They say, “it takes a village to raise a child, […] I felt like was being raised by a village.” Danyelle's story is a great example of neighbors coming together to ignite a thriving, powerful, and connected community.
Not only has Danyelle Brock (38) lived in the neighborhood her entire life; she has lived in the same house since she was 5 years old. Ms. Brock, her husband, Jason, and her three children, Tremerell (15), Lailah (9), and Jason (8), live on the upper floor of the very home that her parents, Tremerell and Michael, have lived in since 1984. Growing up, Ms. Brock remembers enjoying the outdoors and spending time with the other kids in the neighborhood. She recalls, “Most adults looked out for the safety and well-being of all youth who were playing outside.” If a child was misbehaving, “they did not ignore it, they spoke up and, as a child, you listened.”
As a kid, Ms. Brock often went to the Avis Wright Center and the Sherman Park Boys and Girls Club (now called Mary Ryan Boys and Girls Club). These community centers gave her a great sense of community because most of the neighborhood kids spent their time there as well. She also remembers attending the “Warning Games,” a competitive young adult activity, held at some of the Milwaukee Public High Schools. Her childhood was filled with great neighborhood activities and community based fun.
As an adult, she has been active in the community, participating in several community-oriented activities, block club meetings, and community cleanups. Her work for Sherman Park extends to the Sherman Park Community Association (SPCA) and the Center Peace Neighborhood Council. When talking about her work and volunteering for the community, she stated, “I enjoyed every minute because I had the opportunity to wear many hats, network, and engage with the community. My job was never done.” Her interaction with the community stems from a belief that holding conversations with individual residents in the community is the “only way a person will have the opportunity to get to know their neighbors.”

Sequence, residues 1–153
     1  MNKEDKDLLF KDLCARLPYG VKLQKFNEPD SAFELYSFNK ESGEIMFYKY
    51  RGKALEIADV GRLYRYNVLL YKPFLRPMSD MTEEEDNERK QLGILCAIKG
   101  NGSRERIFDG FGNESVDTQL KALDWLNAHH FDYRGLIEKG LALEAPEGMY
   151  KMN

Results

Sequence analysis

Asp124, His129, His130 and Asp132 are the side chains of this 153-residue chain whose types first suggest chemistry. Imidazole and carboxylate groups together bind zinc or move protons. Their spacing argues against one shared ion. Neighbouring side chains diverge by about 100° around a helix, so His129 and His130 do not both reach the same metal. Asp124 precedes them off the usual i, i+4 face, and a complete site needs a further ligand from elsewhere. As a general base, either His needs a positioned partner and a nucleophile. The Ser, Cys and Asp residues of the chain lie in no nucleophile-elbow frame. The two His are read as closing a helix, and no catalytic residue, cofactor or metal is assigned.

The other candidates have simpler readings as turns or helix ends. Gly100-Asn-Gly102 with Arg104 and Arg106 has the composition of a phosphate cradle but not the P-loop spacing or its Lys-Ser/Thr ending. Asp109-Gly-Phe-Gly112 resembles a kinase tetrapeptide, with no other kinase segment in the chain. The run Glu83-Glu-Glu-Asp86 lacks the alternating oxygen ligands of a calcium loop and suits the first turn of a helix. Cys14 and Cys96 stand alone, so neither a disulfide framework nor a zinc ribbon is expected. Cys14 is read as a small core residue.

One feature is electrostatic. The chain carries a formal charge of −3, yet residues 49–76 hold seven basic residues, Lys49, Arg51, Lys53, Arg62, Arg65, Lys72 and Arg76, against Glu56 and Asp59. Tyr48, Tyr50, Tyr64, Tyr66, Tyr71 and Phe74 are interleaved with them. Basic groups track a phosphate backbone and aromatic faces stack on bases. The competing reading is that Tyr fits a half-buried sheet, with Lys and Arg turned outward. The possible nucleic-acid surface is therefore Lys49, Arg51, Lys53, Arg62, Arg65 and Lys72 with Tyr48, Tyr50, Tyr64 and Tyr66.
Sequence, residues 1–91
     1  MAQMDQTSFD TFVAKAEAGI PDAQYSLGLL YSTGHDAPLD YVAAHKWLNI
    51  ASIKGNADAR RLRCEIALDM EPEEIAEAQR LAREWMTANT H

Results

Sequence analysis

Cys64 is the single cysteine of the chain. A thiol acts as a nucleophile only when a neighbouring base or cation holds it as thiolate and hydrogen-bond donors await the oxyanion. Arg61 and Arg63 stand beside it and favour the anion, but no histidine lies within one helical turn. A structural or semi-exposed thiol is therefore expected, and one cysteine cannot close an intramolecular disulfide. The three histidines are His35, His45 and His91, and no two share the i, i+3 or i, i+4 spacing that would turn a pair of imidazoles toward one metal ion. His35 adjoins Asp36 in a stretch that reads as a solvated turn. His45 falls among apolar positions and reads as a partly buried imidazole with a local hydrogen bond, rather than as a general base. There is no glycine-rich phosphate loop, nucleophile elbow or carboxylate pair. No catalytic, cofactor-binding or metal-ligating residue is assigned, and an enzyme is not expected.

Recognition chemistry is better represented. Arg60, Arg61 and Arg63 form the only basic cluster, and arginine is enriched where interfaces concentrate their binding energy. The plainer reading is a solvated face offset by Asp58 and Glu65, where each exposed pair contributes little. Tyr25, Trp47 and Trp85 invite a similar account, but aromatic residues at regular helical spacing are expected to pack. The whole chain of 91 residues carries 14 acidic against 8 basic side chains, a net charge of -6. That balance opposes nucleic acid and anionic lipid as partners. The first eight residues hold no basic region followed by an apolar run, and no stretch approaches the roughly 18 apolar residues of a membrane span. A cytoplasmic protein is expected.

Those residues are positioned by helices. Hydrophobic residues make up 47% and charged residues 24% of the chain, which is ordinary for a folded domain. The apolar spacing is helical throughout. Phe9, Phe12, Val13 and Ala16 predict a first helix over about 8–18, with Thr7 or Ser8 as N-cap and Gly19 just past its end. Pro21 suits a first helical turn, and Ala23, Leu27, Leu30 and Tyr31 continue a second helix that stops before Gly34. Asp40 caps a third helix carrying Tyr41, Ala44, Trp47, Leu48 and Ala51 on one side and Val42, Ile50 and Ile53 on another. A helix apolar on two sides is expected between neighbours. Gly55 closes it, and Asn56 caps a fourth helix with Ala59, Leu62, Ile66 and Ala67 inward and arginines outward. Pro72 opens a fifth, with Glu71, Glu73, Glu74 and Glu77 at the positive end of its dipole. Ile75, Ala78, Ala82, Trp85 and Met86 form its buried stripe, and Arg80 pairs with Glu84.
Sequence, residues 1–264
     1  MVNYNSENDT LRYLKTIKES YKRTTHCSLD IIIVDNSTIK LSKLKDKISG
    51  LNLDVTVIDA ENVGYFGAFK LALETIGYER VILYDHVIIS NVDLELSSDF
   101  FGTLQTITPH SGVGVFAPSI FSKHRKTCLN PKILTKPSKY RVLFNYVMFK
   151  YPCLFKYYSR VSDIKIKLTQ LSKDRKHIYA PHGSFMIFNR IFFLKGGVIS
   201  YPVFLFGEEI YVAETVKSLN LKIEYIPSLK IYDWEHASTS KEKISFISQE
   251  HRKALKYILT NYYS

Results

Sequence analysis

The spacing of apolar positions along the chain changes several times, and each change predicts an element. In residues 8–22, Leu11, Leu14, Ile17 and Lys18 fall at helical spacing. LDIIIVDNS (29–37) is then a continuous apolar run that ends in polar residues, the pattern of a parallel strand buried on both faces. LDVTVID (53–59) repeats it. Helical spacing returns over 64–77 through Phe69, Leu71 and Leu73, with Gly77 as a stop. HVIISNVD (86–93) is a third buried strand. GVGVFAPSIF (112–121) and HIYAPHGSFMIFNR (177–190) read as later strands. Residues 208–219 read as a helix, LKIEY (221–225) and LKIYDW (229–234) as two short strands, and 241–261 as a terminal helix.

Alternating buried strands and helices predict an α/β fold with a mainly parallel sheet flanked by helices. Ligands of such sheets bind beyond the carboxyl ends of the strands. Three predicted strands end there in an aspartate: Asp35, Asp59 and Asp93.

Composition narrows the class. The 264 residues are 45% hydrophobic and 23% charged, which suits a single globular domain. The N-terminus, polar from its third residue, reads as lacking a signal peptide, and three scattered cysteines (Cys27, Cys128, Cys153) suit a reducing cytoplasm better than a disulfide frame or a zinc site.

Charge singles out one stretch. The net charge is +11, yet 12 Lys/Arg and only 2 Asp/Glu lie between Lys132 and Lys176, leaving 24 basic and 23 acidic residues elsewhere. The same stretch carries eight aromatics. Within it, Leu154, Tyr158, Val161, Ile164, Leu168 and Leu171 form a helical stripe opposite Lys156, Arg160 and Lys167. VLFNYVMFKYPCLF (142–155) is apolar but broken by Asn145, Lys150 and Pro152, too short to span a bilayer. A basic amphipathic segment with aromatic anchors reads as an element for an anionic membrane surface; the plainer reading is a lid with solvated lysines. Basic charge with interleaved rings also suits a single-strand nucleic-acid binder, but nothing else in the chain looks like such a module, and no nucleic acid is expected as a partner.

Her view of the community has changed quite a bit over the years. Her children don't have the same outdoor opportunities that she had when she was a kid because she and her husband “fear for their safety” and observe that there is a “lack of positive parental engagement.” When asked about things she believes should change about the community, her response boiled down to one overarching theme: the mindset of community residents. She feels as though people in the neighborhood lack self-designated power. What people need to realize is that there is power in numbers, power in the people. Ms. Brock explains, “we control what our environment will be and can be, and we need to show pride in the area we live in, whether we own or rent the property.”
(Left to right) Michael (dad), Danyelle, and Tremerell (mom). Photo provided by Tremerell Robinson.